The anxiety of authenticity vs appropriation

by | Nov 29, 2023 | Opinion

Authentic. It’s Merriam-Webster’s Word of the Year for 2023 but for chefs, foodwriters, marketers and foodlovers it’s a loaded term. Ever since Christopher Columbus journeyed from Spain to America beginning culinary and cultural trade between Europe and The Americas (an event now known as the Columbian Exchange,) people all over the world have adapted and adopted new foods to their diet. The colonial spread of ideas, rules and foods has brought changes and shifts to diets everywhere. But what is authentic food and when does it cross the boundaries of cultural appropriation?

A Telegraph story this week reported a furore with Marks & Spencer’s latest tasty product to hit their stores. “The grocer” (a funny way to tag a huge chain of multi-department stores, I thought) introduced “Spanish chorizo paella croquetas” claiming they are “handmade in Spain.” The British Ambassador to Spain, Hugh Elliott, described the product as “wrong on every level” writing on X, “Chorizo, yes! Paella, yes!  Croquetas, yes! Yes! All together?… M&S, what have you done?”

Omar Allibhoy, a Spanish chef and founder of Tapas Revolution, said the idea was “not authentic” but he still supported it. He thought it was a concept that was not revolutionary but definitely clever. He noted that the developer was bang on the money using three of the most loved Spanish foods. There have been endless food-fights over authenticity and the line where cultural appropriation should be drawn. In this particular stoush even the paella is a subject of debate about its authenticity. A Valencian would claim only their traditional and original dish, made in the fields to satisfy the hunger of hunters (rice, rabbit, runner beans, artichokes and snails) is the real deal.

There are plenty of other examples of British chefs being accused of cultural appropriation including Jamie Oliver, in 2018 called out for his “punchy jerk rice.” “This appropriation from Jamaica needs to stop,” said Dawn Butler, Labour MP.  And the Great British Bake Off was criticised by restaurant chain owner and author of Mexican cookbooks, Thomasina Miers, when contestants wore sombreros and shook maracas while showcasing tacos and tequila.

Here in New Zealand we would have few restaurants if the chefs were called out for using “foreign” ingredients or working ideas garnered overseas for their menus. In Auckland alone we have over 80 different ethnic restaurant and each one contributes to a very colourful, vibrant hospitality scene. What’s to say that any chef, learning from visits and experiencing some of the wonderful tastes and concepts, can’t return to their own kitchen and work with these ideas? As long as it in done with respect and acknowledgement it’s hard make accusations of cultural appropriation.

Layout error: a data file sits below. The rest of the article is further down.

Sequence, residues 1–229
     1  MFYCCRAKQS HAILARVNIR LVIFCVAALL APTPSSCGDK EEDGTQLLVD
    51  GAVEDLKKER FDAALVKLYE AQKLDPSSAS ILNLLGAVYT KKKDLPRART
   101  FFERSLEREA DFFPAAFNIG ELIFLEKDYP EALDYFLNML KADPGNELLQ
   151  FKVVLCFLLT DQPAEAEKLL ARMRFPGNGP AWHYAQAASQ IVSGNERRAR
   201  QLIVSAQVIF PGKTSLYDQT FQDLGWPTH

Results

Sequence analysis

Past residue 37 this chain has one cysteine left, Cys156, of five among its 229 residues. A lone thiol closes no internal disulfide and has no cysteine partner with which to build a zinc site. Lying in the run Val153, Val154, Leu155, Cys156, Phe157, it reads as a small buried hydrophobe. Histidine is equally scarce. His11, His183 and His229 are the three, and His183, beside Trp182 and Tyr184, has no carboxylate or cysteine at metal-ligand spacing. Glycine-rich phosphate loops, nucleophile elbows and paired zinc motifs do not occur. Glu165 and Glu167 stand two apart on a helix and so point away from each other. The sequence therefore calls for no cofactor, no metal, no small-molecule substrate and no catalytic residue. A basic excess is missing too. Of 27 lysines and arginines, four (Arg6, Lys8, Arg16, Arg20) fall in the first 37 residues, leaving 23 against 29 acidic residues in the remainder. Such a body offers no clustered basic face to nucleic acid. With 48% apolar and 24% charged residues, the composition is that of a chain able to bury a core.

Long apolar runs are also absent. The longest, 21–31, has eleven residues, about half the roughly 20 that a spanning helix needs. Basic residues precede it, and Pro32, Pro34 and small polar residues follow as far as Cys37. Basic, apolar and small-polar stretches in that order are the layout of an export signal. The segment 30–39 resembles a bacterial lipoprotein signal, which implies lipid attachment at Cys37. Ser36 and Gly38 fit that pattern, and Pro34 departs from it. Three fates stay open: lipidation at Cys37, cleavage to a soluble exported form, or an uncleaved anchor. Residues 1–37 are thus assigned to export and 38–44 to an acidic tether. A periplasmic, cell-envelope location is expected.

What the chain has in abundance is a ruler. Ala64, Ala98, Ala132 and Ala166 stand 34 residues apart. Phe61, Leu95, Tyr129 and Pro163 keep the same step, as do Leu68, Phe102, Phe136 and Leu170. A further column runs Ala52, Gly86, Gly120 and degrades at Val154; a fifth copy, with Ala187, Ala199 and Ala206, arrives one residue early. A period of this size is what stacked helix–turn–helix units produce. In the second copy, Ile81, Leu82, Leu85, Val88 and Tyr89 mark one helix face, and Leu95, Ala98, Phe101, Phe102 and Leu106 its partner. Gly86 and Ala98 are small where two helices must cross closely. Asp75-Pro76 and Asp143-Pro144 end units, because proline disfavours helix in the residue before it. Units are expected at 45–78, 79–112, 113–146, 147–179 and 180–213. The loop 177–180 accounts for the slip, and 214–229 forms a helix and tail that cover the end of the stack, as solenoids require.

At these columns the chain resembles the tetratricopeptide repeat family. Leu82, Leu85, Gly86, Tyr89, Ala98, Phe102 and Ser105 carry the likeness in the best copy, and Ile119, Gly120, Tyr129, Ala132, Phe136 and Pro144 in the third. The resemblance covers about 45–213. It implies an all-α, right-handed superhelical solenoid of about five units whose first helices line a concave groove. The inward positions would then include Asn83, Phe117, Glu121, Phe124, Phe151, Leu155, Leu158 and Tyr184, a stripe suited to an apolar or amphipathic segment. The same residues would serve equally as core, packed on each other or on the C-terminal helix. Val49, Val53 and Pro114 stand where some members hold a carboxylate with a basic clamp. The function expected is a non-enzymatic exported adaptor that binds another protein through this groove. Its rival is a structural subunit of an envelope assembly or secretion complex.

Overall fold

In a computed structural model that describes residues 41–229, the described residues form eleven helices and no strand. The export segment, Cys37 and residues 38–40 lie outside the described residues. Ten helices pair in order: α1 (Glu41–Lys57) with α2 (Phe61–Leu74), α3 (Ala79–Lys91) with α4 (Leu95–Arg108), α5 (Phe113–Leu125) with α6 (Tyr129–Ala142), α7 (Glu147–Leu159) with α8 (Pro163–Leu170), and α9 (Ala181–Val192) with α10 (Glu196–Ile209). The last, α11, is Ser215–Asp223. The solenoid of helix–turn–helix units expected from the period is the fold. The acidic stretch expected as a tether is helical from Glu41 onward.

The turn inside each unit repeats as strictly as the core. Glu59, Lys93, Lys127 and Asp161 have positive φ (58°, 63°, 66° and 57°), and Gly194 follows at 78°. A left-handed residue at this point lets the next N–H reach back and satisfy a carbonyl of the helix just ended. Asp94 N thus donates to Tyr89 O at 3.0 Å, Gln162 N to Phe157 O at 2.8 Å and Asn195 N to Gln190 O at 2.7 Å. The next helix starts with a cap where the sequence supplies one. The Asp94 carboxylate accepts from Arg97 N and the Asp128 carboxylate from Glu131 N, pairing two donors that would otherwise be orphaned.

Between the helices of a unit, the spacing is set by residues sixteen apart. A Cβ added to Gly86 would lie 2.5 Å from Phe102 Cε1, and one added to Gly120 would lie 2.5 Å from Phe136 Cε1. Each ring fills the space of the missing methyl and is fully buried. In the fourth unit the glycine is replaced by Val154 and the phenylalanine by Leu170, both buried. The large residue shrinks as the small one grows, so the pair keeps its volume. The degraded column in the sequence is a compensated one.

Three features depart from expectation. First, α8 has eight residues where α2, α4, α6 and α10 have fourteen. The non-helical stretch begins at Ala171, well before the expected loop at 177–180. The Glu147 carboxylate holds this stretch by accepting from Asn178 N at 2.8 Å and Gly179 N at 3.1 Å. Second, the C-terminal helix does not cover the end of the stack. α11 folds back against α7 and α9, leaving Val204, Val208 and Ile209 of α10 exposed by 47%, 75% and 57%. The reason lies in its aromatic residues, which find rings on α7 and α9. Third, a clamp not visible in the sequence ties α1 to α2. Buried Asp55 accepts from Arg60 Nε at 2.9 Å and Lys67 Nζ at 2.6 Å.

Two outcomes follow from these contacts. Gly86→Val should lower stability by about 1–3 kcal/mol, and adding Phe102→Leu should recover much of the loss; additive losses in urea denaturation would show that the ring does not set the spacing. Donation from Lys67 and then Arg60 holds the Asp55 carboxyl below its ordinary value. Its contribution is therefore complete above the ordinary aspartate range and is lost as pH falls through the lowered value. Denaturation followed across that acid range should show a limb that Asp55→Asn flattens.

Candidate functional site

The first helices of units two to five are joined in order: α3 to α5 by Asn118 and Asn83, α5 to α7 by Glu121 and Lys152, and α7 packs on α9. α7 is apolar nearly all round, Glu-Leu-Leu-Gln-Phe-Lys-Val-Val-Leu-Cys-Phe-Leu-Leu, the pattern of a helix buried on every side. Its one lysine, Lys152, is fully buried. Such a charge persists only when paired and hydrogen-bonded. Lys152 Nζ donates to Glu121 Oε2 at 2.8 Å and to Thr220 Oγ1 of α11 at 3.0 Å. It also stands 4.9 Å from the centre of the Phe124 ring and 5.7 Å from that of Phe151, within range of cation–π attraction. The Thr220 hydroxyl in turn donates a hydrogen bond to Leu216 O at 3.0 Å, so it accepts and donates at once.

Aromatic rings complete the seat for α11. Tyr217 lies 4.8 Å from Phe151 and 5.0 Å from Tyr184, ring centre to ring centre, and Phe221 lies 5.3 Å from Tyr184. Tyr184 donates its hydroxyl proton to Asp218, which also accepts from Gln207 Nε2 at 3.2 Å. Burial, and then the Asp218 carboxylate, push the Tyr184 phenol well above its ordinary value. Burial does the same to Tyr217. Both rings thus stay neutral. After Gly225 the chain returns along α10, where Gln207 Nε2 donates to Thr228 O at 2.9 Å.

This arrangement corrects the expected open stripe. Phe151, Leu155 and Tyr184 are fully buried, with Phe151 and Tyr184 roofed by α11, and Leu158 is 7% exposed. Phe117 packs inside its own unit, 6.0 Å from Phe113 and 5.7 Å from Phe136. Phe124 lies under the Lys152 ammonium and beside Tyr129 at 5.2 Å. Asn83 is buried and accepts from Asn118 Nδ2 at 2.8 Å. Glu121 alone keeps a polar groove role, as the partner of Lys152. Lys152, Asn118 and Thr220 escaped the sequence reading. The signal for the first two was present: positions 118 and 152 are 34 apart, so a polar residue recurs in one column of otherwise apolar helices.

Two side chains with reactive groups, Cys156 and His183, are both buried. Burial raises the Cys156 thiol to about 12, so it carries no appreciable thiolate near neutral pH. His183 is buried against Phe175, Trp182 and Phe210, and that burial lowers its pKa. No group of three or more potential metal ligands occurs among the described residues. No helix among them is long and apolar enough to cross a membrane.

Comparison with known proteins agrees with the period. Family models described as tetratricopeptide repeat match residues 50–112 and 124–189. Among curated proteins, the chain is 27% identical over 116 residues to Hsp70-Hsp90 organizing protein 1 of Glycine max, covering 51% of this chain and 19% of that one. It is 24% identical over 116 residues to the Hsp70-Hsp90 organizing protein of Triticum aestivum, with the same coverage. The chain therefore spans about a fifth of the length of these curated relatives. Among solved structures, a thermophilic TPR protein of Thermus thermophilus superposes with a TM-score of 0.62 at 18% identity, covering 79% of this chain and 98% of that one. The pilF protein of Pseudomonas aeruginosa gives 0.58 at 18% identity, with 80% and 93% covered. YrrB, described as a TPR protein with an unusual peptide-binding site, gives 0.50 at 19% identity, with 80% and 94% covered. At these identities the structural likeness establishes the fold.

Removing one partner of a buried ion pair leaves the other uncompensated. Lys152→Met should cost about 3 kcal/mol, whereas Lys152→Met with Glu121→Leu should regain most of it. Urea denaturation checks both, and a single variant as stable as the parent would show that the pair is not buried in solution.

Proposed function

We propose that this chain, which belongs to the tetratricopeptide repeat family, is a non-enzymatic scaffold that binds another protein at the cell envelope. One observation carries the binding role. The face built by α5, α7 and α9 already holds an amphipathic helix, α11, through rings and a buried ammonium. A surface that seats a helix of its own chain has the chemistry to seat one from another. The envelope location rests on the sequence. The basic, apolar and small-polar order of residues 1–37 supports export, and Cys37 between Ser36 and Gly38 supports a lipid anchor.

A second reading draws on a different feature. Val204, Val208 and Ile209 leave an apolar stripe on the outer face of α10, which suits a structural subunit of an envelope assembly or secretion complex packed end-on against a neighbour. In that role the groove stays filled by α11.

Way back at the end of last century our very own Peter Gordon took ideas and international flavours and combined them in ways not seen before. He became known as the Master of Fusion, no less. Nobody squawked about that back then and he took his new cuisine all the way to London, becoming both famous and adored by both the establishment and diners. It was fascinating to also read the Word of Mouth’s Global Culinary Report 2023 this week, to learn their three culinary trends. Submitted by Tokyo food writer Melinda Joe, one centred on the growth this year of that ‘fusion-style’ cuisine. She noted the expansion of restaurants in the innovative Italian category which are taking inspiration from Japan, France, and other countries. What price authentic?

The last word needs to go to two of my Facebook buddies. Nick Honeyman, one of our top chefs (Paris Butter in Auckland and Le Petit Leon in rural France) thinks this problem is world-wide … “people are scared of what they don’t know and their insecurity projects into criticism and even hatred.” And wine maker Claudia Elze points out that chefs are constantly sharing ideas, creations and food knowledge, and we should not quash talent or creation but embrace it. Food Freedom is her plea. I like that!

About the Author

Lauraine Jacobs

Lauraine Jacobs, MNZM is one of New Zealand's best known food writers, former columnist for The Listener and Cuisine. She is the author of a number of cookbooks, including her latest work, 'It Takes A Village' is a guide to Matakana. Visit her site

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